This sort of miraculous discovery is not new - two episodes of "Dad's Army" were rescued from a skip, some Patrick Troughton "Doctor Who" episodes were recently found in Nigeria, and the now complete version of "Metropolis" used elements found in Argentina and New Zealand. The simple thing is never to throw anything away, as you may not be the one who realises how much it is worth.

Saturday, March 4, 2023


On Monday 3rd April 2023, the BBC will launch “BBC News”, a new 24-hour TV news channel replacing both BBC World News and the domestic BBC News Channel, known on-screen as simply “BBC News”, which launched as BBC News 24 in September 1997. With both channels merged into one service a month ahead of the relaunch, the final UK-only hour of the BBC News Channel was broadcast from 5pm on Friday 3rd March, which I watched on my phone while on the way home from work... and there lies the problem.


There was a time when I had BBC News 24 constantly on in the background at home, turning my room into a hotel foyer. It was my major source of the latest news, along with the BBC’s teletext service Ceefax (which I talked about here). But around the time it renamed as the BBC News Channel in 2008, I gained access to broadband internet, starting my shift towards getting most of my news online, even if still led by BBC News, live streaming and reports now even more immediate than television can provide.


Sharing programmes between the BBC’s two news channels has happened since the launch of BBC News 24, and if the bulletins weren’t shared, the stories often were. The UK feed of the new “BBC News” channel will be able to break in with, well, UK-based breaking news, just like live news pages appear on the BBC News website. If I don’t catch one, I will catch the other.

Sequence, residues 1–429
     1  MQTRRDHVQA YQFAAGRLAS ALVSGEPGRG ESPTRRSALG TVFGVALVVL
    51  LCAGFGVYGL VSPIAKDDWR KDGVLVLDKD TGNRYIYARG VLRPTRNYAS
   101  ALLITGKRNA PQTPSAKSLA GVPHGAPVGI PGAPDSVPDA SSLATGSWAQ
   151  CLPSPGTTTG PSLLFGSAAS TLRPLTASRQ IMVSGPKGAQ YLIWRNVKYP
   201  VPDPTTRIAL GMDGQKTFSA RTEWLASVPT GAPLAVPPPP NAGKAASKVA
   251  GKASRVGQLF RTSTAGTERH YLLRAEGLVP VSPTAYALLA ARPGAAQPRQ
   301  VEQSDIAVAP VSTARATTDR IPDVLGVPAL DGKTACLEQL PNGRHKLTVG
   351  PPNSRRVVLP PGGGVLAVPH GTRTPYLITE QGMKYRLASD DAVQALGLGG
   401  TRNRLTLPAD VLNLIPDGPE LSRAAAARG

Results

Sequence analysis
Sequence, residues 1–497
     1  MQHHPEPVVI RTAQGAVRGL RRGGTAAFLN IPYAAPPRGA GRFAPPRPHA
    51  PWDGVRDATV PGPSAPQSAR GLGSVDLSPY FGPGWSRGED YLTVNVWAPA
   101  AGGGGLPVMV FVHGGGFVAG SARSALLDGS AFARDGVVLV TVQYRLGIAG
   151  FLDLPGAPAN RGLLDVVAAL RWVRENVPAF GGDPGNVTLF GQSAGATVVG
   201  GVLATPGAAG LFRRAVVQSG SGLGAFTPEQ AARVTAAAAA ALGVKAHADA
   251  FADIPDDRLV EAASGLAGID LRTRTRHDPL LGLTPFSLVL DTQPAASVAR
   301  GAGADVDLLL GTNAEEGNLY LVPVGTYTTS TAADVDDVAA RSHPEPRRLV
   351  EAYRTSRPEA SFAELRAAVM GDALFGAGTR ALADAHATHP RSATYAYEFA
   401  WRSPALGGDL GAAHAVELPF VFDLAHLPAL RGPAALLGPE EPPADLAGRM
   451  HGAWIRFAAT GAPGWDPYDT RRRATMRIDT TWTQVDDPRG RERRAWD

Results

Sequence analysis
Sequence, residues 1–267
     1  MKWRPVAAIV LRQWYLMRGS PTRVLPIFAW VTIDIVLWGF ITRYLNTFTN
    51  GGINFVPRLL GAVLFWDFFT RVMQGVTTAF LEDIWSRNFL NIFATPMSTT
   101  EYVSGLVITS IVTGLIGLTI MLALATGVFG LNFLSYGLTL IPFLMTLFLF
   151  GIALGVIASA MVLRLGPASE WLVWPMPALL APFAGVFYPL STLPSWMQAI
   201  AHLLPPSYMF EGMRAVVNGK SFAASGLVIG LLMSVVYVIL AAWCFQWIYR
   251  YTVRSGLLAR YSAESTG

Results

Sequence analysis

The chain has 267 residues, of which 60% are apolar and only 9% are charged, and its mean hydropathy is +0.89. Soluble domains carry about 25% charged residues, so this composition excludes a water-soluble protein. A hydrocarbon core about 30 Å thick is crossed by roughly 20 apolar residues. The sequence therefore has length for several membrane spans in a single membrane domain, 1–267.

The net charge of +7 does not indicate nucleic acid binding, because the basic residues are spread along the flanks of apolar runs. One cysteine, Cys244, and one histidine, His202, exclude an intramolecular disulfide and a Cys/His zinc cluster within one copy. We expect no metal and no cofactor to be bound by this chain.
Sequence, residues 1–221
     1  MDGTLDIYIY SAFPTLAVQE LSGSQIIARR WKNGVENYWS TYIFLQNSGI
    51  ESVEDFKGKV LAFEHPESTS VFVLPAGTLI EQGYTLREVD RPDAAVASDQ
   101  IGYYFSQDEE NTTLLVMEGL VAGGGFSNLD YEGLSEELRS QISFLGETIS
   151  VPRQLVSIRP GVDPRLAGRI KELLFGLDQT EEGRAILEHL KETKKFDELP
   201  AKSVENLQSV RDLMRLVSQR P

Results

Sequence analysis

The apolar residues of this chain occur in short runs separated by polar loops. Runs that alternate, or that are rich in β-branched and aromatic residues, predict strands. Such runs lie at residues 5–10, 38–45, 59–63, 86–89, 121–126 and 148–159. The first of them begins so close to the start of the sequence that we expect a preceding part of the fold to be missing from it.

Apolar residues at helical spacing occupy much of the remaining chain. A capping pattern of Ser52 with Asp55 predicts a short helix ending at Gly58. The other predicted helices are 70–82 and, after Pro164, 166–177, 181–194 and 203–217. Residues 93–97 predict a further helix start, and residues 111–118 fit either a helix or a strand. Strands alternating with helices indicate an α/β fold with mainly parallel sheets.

With the new channel broadcasting worldwide, opting out at various points for UK news, this relaunch could be seen as the death of the domestic news channel through cost cutting. With BBC World News being a commercial enterprise, and not funded by the UK’s TV licence fee, there is an argument for the BBC preserving that which makes money to make more programmes, but BBC World News also reaches nearly a hundred million people every week, a major example of British cultural soft power emulated by English-language channels from broadcasters like NHK of Japan, TRT from Turkey, and Al-Jazeera in Qatar. 


Meanwhile, audiences to UK news channels are usually measured in the tens of thousands. The commercial Sky News, arguing in 1999 that a publicly funded news channel was unfair and illegal under EU law, a complaint rejected by the European Commission, has not made money since it launched in 1989. The audiences of the right-leaning GB News and Talk TV, both having launched relatively recently, remain small.


Changes in newsgathering have also accelerated in recent years. Appearing on the BBC News Channel once involved travelling to its studio in London, or one of several regional centres across the UK, or being interviewed by reporters whose cameras were connected to satellite trucks, or whose footage would later be compiled in an edit suite. Now, particularly following the pandemic, contributors mostly appear from their homes, or anywhere at all, using their own computers and phones, the inevitable decline in picture and quality accepted and tolerated by both audiences and the BBC in pursuit of the news. Live reports to TV can use mobile internet to provide the link, just as reports can similarly be completed at the scene and uploaded to the channel’s production team.


The news eats through media, from newspapers to radio, through to television and online. This has just been the latest part of that process.

Sunday, February 26, 2023


I write to learn, so I remain perplexed about the growth, and more recently the explosion, of the use of artificial intelligence in the construction of essays and articles – I hesitate to describe it as “writing”. Having set myself the challenge in 2023 of writing at least one A4 page of diary every day, running to approximately three hundred words, then the mere act of writing one word after another really isn’t hard at all, even if you must go back on yourself to edit redundant words. Writing an article won’t take much effort if you know your subject, unless you are also relying on your AI program to gather the necessary information on that subject.

I promise the above paragraph was typed by hand. I have thought of engaging the use of an AI chatbot to see what it would come out with, but it is very hard to find one that could produce a satisfactorily entertaining result, or not require me to create a login or pay to use it – if you want help, or you simply want to cheat time and process, then you have now created a marketplace, and the producers want paying. Not only is it more rewarding to write that essay yourself, but it is also cheaper.